by Kevin Burton
Some of my best memories are of road trips as a child, headed to track and wrestling meets. This was at the Ohio State School for the Blind.
Those trips were a lifting of the ordinary into something special. My friends were there. We were sewing life fragments into a crazy quilt that warms me to this day.
My metaphorical trip to Hamburg is beginning to take on aspects of that feeling. It’s not the same as the old days, but it’s not entirely different either.
Hamburg is the city where The Beatles played marathon, sometimes nine-hour music sets, greatly accelerating the momentum that took them to being the best rock and roll band ever.
My music sessions are not marathons, but two hours each and every day for five weeks has made a big difference in how I sound and how I feel playing keyboard. It is a great start anyway.
Thus I say these letters are from Hamburg, though my musical quest so far has not taken me beyond my basement.
In the bells of Hamburg I am hearing the echoes of my entire life. But it isn’t poetry that got me here, it is good old-fashioned discipline.
There are two weeks now until my scheduled studio visit. God willing, I’ll be presenting my original music to an industry professional. Who knows what will happen. But I anticipate that this visit will send me onto an appropriate musical journey.
It could be that my material proves pedestrian at best, the sounds not rising in quality or volume above the other noises from the other basements of the world.
It could be there are useful gems that are marketable either in the songs, or my voice, or my songwriting skills.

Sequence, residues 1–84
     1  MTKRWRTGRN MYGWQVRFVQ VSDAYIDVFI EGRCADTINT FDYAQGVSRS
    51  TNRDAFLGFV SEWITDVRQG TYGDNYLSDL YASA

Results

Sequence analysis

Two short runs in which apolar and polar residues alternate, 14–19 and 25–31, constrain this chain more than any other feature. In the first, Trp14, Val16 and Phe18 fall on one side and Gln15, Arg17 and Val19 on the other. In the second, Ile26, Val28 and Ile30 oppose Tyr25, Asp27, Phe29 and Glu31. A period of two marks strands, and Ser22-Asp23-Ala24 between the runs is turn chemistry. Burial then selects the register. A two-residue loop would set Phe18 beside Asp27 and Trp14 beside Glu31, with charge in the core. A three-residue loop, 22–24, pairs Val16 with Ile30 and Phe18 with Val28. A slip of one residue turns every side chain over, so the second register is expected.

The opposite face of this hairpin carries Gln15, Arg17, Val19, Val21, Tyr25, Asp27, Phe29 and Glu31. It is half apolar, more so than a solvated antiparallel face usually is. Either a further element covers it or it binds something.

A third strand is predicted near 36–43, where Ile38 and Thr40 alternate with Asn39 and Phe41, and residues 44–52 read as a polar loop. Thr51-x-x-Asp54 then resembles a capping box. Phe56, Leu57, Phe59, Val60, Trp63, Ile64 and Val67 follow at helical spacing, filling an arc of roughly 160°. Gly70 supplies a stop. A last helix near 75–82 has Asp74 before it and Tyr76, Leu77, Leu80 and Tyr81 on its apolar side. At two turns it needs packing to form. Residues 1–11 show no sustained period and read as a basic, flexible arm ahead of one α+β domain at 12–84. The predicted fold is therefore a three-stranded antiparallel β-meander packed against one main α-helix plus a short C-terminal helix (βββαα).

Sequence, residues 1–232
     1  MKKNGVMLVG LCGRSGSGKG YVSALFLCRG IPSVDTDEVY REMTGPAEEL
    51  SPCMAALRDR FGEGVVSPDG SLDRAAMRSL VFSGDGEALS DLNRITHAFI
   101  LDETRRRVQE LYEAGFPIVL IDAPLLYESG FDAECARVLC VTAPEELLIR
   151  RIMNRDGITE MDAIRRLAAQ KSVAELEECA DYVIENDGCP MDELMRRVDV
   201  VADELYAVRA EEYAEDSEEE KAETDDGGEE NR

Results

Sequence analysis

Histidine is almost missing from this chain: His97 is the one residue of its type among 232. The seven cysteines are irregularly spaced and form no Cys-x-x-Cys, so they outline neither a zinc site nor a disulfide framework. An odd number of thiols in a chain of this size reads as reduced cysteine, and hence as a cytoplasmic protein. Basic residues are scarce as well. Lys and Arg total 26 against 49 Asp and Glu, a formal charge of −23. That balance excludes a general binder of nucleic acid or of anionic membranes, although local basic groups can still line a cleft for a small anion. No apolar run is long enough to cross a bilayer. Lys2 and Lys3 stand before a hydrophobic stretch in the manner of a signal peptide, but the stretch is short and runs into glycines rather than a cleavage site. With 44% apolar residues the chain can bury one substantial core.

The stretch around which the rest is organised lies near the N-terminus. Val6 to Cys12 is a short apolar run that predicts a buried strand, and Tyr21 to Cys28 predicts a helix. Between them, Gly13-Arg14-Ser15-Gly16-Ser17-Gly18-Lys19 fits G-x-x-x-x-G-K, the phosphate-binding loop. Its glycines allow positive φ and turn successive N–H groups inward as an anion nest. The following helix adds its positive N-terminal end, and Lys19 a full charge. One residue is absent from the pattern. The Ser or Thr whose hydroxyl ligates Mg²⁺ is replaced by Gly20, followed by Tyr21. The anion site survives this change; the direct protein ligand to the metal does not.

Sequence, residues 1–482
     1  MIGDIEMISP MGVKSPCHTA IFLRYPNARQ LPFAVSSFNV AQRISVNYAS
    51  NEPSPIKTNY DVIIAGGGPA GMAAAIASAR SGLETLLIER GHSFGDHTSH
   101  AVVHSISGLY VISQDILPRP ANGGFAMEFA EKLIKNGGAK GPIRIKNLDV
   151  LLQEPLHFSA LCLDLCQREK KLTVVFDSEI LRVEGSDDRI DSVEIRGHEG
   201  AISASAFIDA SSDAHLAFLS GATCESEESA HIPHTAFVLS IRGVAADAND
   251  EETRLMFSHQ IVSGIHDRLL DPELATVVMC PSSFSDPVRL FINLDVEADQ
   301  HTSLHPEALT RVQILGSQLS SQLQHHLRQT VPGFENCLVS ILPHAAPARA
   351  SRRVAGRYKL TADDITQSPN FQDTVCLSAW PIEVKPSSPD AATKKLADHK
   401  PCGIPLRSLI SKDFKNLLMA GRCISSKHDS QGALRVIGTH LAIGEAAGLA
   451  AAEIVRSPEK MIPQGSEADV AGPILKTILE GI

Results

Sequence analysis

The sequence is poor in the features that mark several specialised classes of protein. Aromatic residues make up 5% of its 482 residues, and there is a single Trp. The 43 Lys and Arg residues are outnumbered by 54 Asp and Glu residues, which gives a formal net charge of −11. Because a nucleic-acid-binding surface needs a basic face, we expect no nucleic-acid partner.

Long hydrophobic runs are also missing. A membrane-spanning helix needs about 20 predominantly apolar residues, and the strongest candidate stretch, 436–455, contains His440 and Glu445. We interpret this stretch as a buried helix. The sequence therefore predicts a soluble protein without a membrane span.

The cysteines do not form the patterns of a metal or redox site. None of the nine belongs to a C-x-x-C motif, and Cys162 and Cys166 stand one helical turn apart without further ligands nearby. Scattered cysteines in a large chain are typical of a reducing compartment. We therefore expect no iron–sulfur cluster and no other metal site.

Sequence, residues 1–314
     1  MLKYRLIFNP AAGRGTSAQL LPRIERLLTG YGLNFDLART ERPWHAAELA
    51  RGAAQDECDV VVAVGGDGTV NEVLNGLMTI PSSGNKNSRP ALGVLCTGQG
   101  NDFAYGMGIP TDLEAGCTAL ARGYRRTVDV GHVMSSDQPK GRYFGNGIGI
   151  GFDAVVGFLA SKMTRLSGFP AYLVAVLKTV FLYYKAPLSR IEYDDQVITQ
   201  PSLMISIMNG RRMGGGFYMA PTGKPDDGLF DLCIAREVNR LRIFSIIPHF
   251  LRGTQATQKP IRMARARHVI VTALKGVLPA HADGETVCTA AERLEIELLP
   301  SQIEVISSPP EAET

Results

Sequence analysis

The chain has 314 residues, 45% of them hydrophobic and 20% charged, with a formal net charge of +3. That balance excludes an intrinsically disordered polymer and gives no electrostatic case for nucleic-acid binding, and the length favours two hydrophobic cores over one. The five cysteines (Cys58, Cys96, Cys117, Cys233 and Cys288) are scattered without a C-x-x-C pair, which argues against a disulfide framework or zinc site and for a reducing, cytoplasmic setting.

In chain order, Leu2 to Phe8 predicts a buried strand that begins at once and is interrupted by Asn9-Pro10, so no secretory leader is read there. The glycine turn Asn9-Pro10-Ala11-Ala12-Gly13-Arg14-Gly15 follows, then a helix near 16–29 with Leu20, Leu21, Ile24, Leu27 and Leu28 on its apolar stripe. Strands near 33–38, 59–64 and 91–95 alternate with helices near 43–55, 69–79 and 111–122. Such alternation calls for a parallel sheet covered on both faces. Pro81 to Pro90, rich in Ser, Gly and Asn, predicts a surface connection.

It’s fun to speculate, even moreso because I know it is all in God’s hands. I haven’t achieved too much in music thus far, but I am sure God has kept me from several brands of heartaches along the way. All you have to do is read the books written by music insiders to know how rough that business can be.
The Hamburg exercise has reminded me of how these songs came to be. These are not just words on a page. These are chunks of life that were breathed into being by an ordinary guy, me.
And for that I will be grateful no matter what comes from all this.
Being lifted from the ordinary to something special is extra special in these quarantine times.
The keyboard is the vehicle transporting me through time. The scenes flash by. It’s like looking out a car window at the big green highway signs and coolest Stuckey’s ever. Visions of “people and things that went before,” to borrow a line from John Lennon.
I can’t see myself ever passing this way again. It’s therefore imperative that I “get the getting’ while the getting’ is right” to borrow a line from Loggins and Messina.
“Get yourself out there,” I’ve heard people say. That’s what artists do.
In Hamburg the bar owners yelled “mach show” at the Beatles when their performance was lack luster. It means “make show.” That’s what I say to myself if my energy wanes.
Now what I really need to say, in German, is “mach verkauf” or “make sale,” sell the goods. Put some life, love and energy into the music and see what happens.
If I got the German wrong, blame Google.
I think of myself as a rock and roller but I don’t really know what that means any more. Whatever pop music is, it’s supposed to be fun, rewarding in some way.
So if an artist has doubts he can’t wear them on his or her sleeve. Listeners aren’t interested in that. They have their own problems, their own experiences to deal with, and maybe they have trouble articulating them.
If reality consigns my musical being to my basement I’ll go there changed in some small way at least. And, at minimum, I’m hoping to get a good recorded version of my better songs for whatever friends and family might want them.